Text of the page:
Death rates from heart disease and stroke could be significantly lowered by prescribing statins alongside blood pressure-lowering drugs, according to the results from a clinical trial led by Queen Mary University of London and Imperial College London.
28 August 2018
The findings, published today in The Lancet and presented at the European Society of Cardiology Congress in Munich, revealed that the benefits of statins lasted more than a decade after the clinical trial closed.
Dr Ajay Gupta from Queen Mary’s William Harvey Research Institute said: “Patients in their mid-60s with high blood pressure were less likely to die from heart disease or stroke by age 75–80 if they had taken both calcium channel blocker-based blood pressure lowering treatment and a statin. The findings provide further support for the use of an effective blood pressure lowering therapy plus a statin in most patients with high blood pressure.”
The Anglo-Scandinavian Cardiac Outcomes Trial (ASCOT) trial was set up to compare two separate treatments for high blood pressure. Between 1998 and 2000, over 19,000 patients in the UK, Ireland and Scandinavia with high blood pressure were randomly allocated to one of two blood pressure lowering treatments – one involving a calcium channel blocker, the other involving a beta-blocker.
Half of all those patients were then further randomised to receive a cholesterol-lowering statin or a placebo.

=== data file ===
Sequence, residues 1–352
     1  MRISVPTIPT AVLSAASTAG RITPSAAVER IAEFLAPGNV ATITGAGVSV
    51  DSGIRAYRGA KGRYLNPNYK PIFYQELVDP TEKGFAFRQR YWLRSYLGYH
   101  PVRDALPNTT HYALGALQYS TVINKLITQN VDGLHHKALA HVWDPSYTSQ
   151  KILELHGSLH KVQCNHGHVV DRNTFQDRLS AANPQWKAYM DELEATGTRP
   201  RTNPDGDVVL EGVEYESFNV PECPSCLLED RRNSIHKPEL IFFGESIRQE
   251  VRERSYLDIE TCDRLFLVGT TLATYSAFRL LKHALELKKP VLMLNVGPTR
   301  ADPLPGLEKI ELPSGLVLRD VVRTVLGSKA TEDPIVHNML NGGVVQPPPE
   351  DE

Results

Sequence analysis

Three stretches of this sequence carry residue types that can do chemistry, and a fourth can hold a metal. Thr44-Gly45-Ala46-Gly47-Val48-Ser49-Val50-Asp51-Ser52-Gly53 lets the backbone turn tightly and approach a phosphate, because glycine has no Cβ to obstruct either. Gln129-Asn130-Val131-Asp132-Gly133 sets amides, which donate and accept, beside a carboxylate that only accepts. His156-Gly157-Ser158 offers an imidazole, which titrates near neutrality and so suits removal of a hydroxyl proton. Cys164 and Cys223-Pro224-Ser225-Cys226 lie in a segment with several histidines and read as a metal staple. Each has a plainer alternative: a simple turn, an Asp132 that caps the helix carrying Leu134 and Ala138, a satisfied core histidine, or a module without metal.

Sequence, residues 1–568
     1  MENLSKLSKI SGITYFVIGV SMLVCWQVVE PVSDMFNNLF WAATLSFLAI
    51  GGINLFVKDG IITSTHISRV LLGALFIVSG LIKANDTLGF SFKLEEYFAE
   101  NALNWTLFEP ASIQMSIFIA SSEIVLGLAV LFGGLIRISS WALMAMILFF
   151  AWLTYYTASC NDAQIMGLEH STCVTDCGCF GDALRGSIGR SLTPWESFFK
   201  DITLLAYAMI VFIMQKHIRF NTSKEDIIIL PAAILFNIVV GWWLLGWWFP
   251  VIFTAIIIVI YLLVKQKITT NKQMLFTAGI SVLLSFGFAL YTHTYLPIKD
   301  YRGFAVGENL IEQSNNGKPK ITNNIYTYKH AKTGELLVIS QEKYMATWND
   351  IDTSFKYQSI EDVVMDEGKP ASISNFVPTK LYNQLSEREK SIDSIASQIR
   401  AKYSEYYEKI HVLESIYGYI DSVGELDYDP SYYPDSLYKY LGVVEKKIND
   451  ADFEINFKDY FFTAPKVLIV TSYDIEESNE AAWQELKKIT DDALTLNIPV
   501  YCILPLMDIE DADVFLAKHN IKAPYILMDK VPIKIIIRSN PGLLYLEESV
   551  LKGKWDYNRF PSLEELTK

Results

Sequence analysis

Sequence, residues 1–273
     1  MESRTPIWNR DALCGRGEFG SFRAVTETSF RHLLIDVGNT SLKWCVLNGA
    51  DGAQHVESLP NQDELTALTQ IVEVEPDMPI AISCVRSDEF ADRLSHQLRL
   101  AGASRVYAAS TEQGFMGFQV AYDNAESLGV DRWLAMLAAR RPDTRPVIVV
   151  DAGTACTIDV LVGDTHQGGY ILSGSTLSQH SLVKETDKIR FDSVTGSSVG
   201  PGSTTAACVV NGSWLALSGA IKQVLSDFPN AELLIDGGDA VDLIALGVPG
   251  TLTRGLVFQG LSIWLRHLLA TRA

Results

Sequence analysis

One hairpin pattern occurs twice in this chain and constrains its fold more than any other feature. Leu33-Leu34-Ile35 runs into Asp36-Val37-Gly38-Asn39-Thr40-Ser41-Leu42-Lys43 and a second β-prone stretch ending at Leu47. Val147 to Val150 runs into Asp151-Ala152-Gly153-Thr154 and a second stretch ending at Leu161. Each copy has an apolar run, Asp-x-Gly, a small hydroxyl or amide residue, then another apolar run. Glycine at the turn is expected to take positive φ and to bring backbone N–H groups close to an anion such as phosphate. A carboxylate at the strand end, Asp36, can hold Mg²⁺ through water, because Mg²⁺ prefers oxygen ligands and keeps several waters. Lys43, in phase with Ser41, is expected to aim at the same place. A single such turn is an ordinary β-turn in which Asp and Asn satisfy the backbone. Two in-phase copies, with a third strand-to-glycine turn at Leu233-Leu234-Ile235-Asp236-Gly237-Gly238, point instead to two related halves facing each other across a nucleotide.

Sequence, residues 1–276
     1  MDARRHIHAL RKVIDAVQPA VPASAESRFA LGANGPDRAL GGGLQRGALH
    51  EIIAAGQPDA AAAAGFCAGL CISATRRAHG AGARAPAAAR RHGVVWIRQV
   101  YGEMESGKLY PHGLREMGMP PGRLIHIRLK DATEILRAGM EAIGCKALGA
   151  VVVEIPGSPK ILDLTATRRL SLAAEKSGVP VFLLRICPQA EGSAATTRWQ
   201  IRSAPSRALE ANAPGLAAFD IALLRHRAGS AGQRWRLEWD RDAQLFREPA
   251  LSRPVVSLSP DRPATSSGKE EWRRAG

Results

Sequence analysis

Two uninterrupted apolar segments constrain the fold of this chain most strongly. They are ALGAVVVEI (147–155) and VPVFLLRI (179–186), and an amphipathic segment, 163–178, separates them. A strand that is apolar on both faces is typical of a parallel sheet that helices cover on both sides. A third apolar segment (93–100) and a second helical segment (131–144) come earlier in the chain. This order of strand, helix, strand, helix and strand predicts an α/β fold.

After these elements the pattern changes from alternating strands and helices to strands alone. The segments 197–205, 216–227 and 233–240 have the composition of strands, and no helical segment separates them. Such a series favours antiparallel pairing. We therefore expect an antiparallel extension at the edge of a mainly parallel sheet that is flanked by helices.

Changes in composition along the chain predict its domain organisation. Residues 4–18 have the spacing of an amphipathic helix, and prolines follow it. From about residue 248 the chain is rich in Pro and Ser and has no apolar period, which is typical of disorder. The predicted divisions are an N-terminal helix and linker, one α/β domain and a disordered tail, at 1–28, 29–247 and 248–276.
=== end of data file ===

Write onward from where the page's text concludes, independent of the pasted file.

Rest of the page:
In 2003, the statin arm of the trial was stopped early after just over three years of follow up, because the statin proved to be highly beneficial in preventing heart attacks and strokes. These initital results influenced national and international guidelines for blood pressure treatment and lipid-lowering for people at risk of heart disease and stroke, including those produced by the UK’s health watchdog the National Institute for Health and Care Excellence.
This new analysis looked at the number and cause of deaths among the 8,580 participants in the ASCOT trial who were based in the UK and followed up until December 2015.
After 16 years’ follow-up, a total of 3,282 patients had died. Of those originally treated with statins, there were 15 per cent fewer cardiovascular deaths compared with those originally assigned to the placebo arm of the trial.
After 10 years’ follow-up, the patients who were allocated to the calcium-channel blocker-based treatment were found to have 29 per cent fewer deaths due to stroke compared to those allocated to the beta blocker-based treatment.
For those at higher cardiovascular risk who weren’t given statins, the calcium-channel based treatment was associated with 21 percent fewer cardiovascular related deaths.
Professor Peter Sever, from the National Heart and Lung Institute at Imperial College London, said: “We have previously shown that statins can confer long term benefits on mortality after trials have stopped, but to our knowledge it has never before been shown that for patients with high blood pressure there may be long term benefits on preventing cardiovascular deaths – particularly strokes in patients treated with a calcium chanel blocker-based regimen.”
Professor Mark Caulfield, Director of the William Harvey Research Institute at Queen Mary, said: “This study confirms the importance of lowering blood pressure and cholesterol to prevent disabling and life-shortening cardiovascular disease.”
The authors highlight, however, that there is a period of more than 10 years following the end of the trial where they do not have full data available for treatments patients may have been taking or prescribed.
The study was funded by Pfizer.